Ask Etta

May 21

Ask Etta: Guest List Etiquette

Kimberly asks…

Help! With large families on both sides, high school friends, college friends, work friends, and now my fiancé’s graduate school friends, the guest list for our wedding has gotten out of control. I’ve been told there is a certain percent you can expect to not show up – should I send more wedding invitations to guests than our wedding venue can handle?

Etta says…

This question seems to always confuse brides. While it may seem like a science to create the perfect guest list that keeps everyone happy, there is no hard and fast formula for guest attendance. You’ll hear some experts say to invite 10% over your venue limit, while others claim 20%– and I’ve even seen some pretty complicated math problems put forward! (Hint: if your guest list plans start to resemble your eleventh grade calculus homework, you’re making things too difficult).

Wedding Paper Divas Blog - Air of Affection Wedding Invitation

Remember, you might end up accountable for every person on your guest list. After all, if they are important enough to be on your guest list, you may be (and hopefully are!) important enough to them to warrant the travel. Keeping that in mind, I suggest you create two guest lists. The first will be the definitive list of must-invite guests. The second list will be backup guests, listed in prioritized order (think co-workers, club friends, or friends of parents).

Send invitations out to your first list over eight weeks in advance of your wedding date, and ask for RSVP response cards to be returned within just two weeks. This ensures that you receive responses in a timely manner – allowing you to start inviting those from the second list without cutting it too close to the wedding date.

Wedding Paper Divas Blog - Response Card

At the end of the day, you and your fiancé know your friends and family the best. If you know that Great Aunt Mary won’t make the travel to your wedding, but still wants an invite, then by all means, send her an invitation. On the other hand, if you know your groom’s graduate school friends will travel anywhere in the world for a good party, I suggest you make sure you really want them at your wedding.

I hope this helps, Kimberly!

Have an etiquette question for Etta? Email us at and she’ll post an answer for you.



April 9

Ask Etta: Sending Late Wedding Thank You Cards

Jill asks…

I had great plans of creating DIY thank you cards personalized for each of my guests, including a photo of myself, my husband, and the guest at our wedding reception. But when we returned home from our honeymoon, it was a whirlwind of moving into a new house, catching up on two weeks of missed work, and settling in to our new married life. Somehow, four months have passed, and not a single thank you note has been sent. Am I too late? Would it be better to just not send a thank you card at all, at this point?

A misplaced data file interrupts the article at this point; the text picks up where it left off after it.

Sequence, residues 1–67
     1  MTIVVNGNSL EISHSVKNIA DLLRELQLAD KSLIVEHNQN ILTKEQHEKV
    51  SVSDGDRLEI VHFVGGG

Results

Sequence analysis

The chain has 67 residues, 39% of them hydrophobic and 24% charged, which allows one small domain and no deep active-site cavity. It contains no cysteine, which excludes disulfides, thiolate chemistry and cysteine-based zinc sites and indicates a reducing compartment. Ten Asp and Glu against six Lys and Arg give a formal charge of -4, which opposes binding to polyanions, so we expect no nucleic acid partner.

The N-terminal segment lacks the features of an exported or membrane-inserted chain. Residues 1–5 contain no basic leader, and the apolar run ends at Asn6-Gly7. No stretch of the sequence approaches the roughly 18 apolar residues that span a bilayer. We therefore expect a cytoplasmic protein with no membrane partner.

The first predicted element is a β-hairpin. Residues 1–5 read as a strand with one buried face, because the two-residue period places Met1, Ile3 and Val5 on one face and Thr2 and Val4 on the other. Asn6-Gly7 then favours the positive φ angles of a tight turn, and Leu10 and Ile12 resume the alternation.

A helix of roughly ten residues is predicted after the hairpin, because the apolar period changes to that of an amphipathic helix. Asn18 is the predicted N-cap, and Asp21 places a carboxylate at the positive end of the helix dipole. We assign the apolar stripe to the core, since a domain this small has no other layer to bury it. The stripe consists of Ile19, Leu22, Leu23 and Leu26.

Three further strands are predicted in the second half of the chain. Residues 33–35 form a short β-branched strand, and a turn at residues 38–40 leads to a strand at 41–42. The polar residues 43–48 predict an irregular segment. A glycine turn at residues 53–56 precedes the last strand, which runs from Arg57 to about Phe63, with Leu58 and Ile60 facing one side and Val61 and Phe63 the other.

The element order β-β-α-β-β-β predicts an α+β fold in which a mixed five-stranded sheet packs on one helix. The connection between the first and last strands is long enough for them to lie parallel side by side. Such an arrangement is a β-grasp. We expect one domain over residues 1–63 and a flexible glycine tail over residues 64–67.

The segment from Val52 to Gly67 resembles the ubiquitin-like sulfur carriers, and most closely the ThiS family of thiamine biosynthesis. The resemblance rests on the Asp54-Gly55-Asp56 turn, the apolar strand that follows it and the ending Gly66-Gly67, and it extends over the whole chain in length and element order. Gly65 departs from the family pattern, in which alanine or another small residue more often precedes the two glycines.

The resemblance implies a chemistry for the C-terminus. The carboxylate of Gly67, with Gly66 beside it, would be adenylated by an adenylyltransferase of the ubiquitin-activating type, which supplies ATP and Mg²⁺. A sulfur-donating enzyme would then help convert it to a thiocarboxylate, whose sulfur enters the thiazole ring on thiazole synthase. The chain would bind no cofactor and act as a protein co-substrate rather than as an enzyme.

Wedding Paper Divas Photo Thank You Card -- Marriage Manifesto

Etta says…

While the proper time frame for a wedding thank you note is within two weeks of returning from your honeymoon, it is never too late to send a thank you card. Any guest that truly appreciates receiving a thank you card will know you haven’t sent one yet, and will be happy to find one in the mail (even if it is four months late). Remember, something is better than nothing, in this case. As for your other guests, if they haven’t realized your thank you cards are late, it’s likely that they don’t know the proper etiquette timeframe. Therefore, your note will be a lovely surprise for them.

Wedding Paper Divas Photo Thank You Card -- Thankful Thoughts

The inclusion of a photo is a thoughtful addition to a thank you card, but individual photos can be time consuming. Choose your favorite photo from your wedding day of you and your groom, and use the same image for all cards to help manage your time effectively.

Wedding Paper Divas Photo Thank You Card -- Elegant Etching

If you need help on how to craft the perfect thank you card, I have tackled that question here: The Golden Rules of Gratitude.

Wedding Paper Divas Photo Thank You Card -- Well of Love

I hope this helps, Jill!


Have an etiquette question for Etta? Email us at and she’ll post an answer for you.


March 20

Ask Etta: Extra Wedding Invitations

Cassidy asks…
I’ve chosen my Save the Date style, and even my wedding invitations, but I’m not sure what to do now. How many invitations do I need to order? I want to have extra in case of an emergency, but I don’t want to have too many invitations left over.


Etta says…
Great question, Cassidy. It sounds like you are already ahead of the game, since you have your save the date cards and your wedding invitations chosen. Have you also decided on your guest list? If not, that would be the next step.


I recommend ordering ten to fifteen extra invitations, depending on the size of your guest list. You’re bound to have an unforeseen error come your way, whether it is remembering a guest that had been left off the initial head count or a mistake made when addressing the invitation envelope. Having back up wedding invitations keeps you stress-free in these moments! Trust me, you’ll be happy to have the extras.

If you do end up with extra invitations after your wedding day, there are several great ways to use them. Including a copy of your invitation in a wedding photo book will create a keepsake that will last for years to come. I love these DIY projects that incorporate a wedding invitation into an ornament or a canvas print.
I hope this helps, Cassidy!


Have an etiquette question for Etta? Email us at and she’ll post an answer for you.


February 27

Ask Etta: Joint Hosting Etiquette

Anne Asks…

I know that it is tradition to have the wedding invitation addressed from the bride’s parents, as they traditionally host the reception. But I find myself in an unusual reception situation. My fiancé and I are paying for the majority of our wedding cost, but both of our parents are helping us out with small financial contributions. I don’t want to make my future in-laws feel left out, because they are contributing just as much as my parents. How do I appropriately say this in an invitation?